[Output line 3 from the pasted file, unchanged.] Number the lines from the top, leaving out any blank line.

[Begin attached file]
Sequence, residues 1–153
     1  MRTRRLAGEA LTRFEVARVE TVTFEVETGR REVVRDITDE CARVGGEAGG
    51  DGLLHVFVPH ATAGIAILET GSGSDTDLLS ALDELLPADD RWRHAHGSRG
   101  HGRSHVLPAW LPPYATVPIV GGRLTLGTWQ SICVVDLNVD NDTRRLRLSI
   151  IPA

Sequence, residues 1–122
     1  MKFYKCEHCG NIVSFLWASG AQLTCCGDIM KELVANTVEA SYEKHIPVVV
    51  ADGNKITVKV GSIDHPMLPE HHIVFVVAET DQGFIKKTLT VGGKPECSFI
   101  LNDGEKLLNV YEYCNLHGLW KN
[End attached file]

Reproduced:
    51  DGLLHVFVPH ATAGIAILET GSGSDTDLLS ALDELLPADD RWRHAHGSRG